2 corrected description of the "conical" contraction

To answer your first question, the inclusion $A(G)\to S(G)$ is a homotopy equivalence. This is an application of Quillen's "Theorem A" (aka his "fiber lemma"). See Prop. 2.1 in his paper. To apply the fiber lemma, you just need to show that the fibers, which are those points mapping below a particular P-subgroup in S, are contractible. This means you need to show that the elementary abelian p-subgroups of a P-group form a contractible poset. Well, that's done by a conical contraction: just multiply each subgroup by the maximal elementary abelian subgroup of the center (to slide it up above the center)this characteristic subgroup), and then slide it down to the centerthis subgroup.

The Quillen Conjecture is definitely still open. Grodal showed some connections with higher derived limits (he shows that certain strengthenings of Quillen's conjecture are equivalent to statements about higher limits), and there's an old approach using finite topological spaces due to Richard Stong. There's been some interesting developments lately due to Shareshian (Hypergraph matching complexes and Quillen complexes of symmetric groups. J. Combin. Theory Ser. A 106 (2004), no. 2, 299--314) and others, but mostly they're about figuring out more specific information in particular cases, rather than attacks on the full conjecture.

In the early 90's, Aschbacher and Smith made a lot of progress (see their 1993 Annals paper). They proved the conjecture for groups not containing certain matrix groups as subnormal subgroups.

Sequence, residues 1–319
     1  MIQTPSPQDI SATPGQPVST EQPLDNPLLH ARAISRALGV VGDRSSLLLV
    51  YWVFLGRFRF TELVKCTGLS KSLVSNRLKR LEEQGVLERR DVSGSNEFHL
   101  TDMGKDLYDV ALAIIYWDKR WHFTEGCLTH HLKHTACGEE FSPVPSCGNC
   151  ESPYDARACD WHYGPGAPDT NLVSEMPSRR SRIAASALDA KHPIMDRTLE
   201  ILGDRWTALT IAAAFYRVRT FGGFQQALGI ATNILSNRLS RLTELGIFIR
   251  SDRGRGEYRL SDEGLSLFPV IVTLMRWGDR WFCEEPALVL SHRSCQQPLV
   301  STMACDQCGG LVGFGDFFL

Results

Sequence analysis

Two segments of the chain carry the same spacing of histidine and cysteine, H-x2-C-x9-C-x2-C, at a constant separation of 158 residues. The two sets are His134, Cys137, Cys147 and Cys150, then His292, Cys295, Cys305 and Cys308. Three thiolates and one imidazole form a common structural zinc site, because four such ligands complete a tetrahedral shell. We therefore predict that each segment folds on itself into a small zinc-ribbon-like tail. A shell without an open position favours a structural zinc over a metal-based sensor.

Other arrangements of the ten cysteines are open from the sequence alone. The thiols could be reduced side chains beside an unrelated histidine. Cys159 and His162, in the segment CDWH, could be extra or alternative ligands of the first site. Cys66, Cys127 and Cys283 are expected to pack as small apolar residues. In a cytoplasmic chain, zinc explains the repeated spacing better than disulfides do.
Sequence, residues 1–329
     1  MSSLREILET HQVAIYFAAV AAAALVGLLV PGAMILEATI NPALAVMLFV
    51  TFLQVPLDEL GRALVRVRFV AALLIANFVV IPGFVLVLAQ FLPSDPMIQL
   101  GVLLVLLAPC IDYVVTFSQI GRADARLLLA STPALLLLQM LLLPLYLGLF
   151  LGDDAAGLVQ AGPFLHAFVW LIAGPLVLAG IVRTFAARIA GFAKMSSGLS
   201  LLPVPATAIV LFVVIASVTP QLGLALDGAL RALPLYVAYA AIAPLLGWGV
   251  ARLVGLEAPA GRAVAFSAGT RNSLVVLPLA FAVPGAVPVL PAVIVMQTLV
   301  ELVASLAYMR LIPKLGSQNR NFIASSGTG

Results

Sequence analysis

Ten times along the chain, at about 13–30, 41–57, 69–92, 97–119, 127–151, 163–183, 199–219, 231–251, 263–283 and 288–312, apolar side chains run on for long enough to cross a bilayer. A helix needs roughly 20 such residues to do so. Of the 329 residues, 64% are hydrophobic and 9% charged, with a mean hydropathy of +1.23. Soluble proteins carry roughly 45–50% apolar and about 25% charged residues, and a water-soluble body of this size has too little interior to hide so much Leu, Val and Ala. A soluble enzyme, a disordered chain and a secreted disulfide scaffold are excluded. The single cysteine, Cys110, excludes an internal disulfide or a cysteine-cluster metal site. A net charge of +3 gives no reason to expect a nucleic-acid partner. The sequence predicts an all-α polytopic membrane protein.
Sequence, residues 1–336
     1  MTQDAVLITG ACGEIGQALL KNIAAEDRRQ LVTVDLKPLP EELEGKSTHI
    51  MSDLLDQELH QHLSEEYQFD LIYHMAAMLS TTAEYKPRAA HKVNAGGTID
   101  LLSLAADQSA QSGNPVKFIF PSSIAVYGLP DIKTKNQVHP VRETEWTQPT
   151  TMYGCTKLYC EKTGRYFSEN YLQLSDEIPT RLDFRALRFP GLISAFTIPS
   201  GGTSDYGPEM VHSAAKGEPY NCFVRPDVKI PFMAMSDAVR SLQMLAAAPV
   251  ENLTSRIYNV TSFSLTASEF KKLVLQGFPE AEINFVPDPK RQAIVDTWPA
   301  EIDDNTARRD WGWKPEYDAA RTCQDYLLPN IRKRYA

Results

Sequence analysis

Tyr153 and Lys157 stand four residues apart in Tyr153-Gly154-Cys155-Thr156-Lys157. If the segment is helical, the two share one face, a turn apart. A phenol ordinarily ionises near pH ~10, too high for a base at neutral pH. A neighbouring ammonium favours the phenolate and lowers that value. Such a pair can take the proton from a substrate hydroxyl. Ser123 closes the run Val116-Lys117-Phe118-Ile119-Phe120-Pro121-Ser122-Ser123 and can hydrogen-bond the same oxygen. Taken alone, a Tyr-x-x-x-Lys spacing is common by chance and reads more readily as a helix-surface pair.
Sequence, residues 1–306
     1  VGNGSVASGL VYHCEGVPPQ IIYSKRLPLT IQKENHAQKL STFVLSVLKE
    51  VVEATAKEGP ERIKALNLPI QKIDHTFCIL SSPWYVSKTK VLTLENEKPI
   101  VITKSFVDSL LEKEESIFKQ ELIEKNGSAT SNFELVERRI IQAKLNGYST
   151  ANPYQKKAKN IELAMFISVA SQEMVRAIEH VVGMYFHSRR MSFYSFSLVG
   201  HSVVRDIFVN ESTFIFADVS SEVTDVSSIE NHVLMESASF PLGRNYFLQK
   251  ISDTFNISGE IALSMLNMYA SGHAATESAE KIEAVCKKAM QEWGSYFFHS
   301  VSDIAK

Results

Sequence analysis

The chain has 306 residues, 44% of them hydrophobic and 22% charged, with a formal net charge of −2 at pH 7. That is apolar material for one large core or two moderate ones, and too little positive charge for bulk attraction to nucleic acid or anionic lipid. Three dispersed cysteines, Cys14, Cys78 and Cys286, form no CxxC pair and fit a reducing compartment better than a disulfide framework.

I don't know that anyone really has ideas for how to prove it in general.

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To answer your first question, the inclusion $A(G)\to S(G)$ is a homotopy equivalence. This is an application of Quillen's "Theorem A" (aka his "fiber lemma"). See Prop. 2.1 in his paper. To apply the fiber lemma, you just need to show that the fibers, which are those points mapping below a particular P-subgroup in S, are contractible. This means you need to show that the elementary abelian p-subgroups of a P-group form a contractible poset. Well, that's done by a conical contraction: just multiply each subgroup by the center (to slide it up above the center), and then slide it down to the center.

The Quillen Conjecture is definitely still open. Grodal showed some connections with higher derived limits (he shows that certain strengthenings of Quillen's conjecture are equivalent to statements about higher limits), and there's an old approach using finite topological spaces due to Richard Stong. There's been some interesting developments lately due to Shareshian (Hypergraph matching complexes and Quillen complexes of symmetric groups. J. Combin. Theory Ser. A 106 (2004), no. 2, 299--314) and others, but mostly they're about figuring out more specific information in particular cases, rather than attacks on the full conjecture.

In the early 90's, Aschbacher and Smith made a lot of progress (see their 1993 Annals paper). They proved the conjecture for groups not containing certain matrix groups as subnormal subgroups.

I don't know that anyone really has ideas for how to prove it in general.